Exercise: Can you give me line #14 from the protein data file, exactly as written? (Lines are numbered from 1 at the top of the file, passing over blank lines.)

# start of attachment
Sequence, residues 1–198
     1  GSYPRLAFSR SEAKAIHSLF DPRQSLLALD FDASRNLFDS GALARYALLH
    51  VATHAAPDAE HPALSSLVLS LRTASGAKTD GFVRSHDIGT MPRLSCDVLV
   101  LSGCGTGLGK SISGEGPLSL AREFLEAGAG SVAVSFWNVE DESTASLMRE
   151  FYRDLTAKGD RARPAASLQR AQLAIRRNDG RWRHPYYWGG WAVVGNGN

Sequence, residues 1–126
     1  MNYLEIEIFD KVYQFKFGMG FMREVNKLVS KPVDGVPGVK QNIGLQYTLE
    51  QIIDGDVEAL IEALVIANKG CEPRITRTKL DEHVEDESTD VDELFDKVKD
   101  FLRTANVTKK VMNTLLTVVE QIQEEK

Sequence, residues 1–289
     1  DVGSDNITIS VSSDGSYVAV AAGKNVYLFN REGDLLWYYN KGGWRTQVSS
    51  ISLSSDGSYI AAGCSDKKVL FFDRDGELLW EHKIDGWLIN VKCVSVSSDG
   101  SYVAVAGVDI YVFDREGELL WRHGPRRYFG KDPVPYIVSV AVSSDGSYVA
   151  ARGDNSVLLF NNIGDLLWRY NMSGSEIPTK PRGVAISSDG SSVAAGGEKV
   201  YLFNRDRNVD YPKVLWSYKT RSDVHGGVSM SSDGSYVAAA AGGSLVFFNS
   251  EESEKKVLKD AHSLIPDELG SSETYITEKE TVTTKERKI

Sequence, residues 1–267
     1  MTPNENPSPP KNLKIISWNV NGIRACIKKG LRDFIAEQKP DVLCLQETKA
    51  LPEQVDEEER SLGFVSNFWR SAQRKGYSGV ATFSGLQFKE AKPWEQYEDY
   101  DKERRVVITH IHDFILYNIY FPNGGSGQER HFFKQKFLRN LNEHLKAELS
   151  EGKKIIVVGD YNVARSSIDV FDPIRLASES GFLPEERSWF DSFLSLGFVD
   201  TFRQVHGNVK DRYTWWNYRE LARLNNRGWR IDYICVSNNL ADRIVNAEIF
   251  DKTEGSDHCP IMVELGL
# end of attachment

   151  ARGDNSVLLF NNIGDLLWRY NMSGSEIPTK PRGVAISSDG SSVAAGGEKV